Simulations Show Aftermath of Black Hole Collision
The work shows how a remnant black hole sends gravitational waves like ripples on a pond
New simulations of two black holes colliding near the speed of light reveal the mysterious physics of what one astrophysicist calls “one of the most violent events you can imagine in the universe.”
“It’s a bit of a crazy thing to blast two black holes head-on very close to the speed of light,” said Thomas Helfer, a postdoctoral fellow at Johns Hopkins University who produced the simulations. “The gravitational waves associated with the collision might look anticlimactic, but this is one of the most violent events you can imagine in the universe.”
The work, which appears in Physical Review Letters, is the first detailed look at the aftermath of such a cataclysmic clash, and shows how a remnant black hole would form and send gravitational waves through the cosmos.
Black hole mergers are one of the few events in the universe energetic enough to produce detectable gravitational waves, which carry energy produced by massive cosmic collisions. Like ripples in a pond, these waves flow through the universe distorting space and time. But unlike waves traveling through water, they are extremely tiny, and propagate through “spacetime,” the mind-bending concept that combines the three dimensions of space with the idea of time.
“If a gravitational wave goes through me, it makes me a little thinner and a little taller, and then a little shorter and a little fatter,” said co-author Emanuele Berti, a Johns Hopkins physicist. “But the amount by which it does that is about 100,000 times smaller than the size of an atomic nucleus.”
Physicists have studied the waves emitted after black holes merge by simplifying general relativity—Einstein’s theory of how gravity works—using equations that ignore subtle, but important, gravitational effects of the merger. Berti thinks that approach is biased because it relies on “linear approximations,” the assumption that the gravitational waves produced during the merger are weak.
Although it is nearly impossible for black holes to collide at such extreme speeds, simulating such a crash produced signals strong enough for the team to detect nonlinearities, or gravitational effects that can’t be found with the simplified version of the theory. The findings suggest black hole mergers cannot be studied with linearized equations and that current models of these events need to be tweaked, if not changed altogether.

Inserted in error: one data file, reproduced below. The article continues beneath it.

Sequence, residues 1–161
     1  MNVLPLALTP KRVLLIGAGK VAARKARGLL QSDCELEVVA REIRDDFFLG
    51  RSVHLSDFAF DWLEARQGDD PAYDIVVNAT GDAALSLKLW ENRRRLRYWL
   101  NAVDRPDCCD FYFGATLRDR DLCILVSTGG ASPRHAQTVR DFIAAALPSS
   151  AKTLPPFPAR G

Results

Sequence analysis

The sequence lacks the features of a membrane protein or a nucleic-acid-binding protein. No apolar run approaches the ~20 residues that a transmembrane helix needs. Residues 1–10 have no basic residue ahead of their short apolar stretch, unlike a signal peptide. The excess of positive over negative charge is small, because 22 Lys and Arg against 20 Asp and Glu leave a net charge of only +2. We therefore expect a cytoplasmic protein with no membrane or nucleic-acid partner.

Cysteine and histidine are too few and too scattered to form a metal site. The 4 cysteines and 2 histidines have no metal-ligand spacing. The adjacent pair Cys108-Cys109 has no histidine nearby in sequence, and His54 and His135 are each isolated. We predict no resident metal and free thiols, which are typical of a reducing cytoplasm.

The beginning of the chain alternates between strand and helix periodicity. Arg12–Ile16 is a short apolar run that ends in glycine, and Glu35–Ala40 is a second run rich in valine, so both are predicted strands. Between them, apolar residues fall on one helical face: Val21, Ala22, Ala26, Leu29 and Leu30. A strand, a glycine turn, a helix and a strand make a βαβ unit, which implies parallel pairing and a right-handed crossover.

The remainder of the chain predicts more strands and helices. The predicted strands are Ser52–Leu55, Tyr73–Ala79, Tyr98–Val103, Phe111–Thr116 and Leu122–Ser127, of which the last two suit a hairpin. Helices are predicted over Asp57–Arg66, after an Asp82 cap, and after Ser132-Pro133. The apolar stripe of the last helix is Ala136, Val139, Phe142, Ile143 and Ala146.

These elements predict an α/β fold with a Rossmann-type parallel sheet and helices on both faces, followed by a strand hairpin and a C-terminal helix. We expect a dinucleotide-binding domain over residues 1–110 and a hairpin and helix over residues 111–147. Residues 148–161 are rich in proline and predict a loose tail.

“General relativity is nonlinear, which means that the gravitational waves themselves will also produce more gravitational waves,” said Mark Ho-Yeuk Cheung, a Johns Hopkins doctoral physics student who led the research.
The team also spotted these so-called nonlinearities by analyzing simulations of two black holes merging after orbiting each other, a scenario that more realistically represents what happens in the universe. A study of the same simulations by an independent group of researchers at Caltech, also appears in today’s Physical Review Letters and finds similar results.
“It's kind of a big deal because we cannot forget about the complications if we really want to understand black holes,” Cheung said. “Einstein’s theory is a beast; the equations are really complicated.”
Authors include Vishal Baibhav, of Northwestern University; Vitor Cardoso, of the Niels Bohr Institute and University of Lisbon; Gregorio Carullo, of the Friedrich Schiller University Jena; Roberto Cotesta, of Johns Hopkins; Walter Del Pozzo, of University of Pisa; Francisco Duque, of University of Lisbon; Estuti Shukla, of Pennsylvania State University; and Kaze Wong, of the Flatiron Institute. Baibhav and Wong are former Johns Hopkins students.
This research was supported by the Croucher Foundation, NSF Grants No. AST-2006538, PHY-2207502, PHY- 090003 and PHY-20043, and NASA Grants No. 19-ATP19-0051, 20-LPS20- 0011 and 21-ATP21-0010. This work was produced with computational resources at the Maryland Advanced Research Computing Center and the Texas Advanced Computing Center.
- This press release was originally published on the Johns Hopkins University website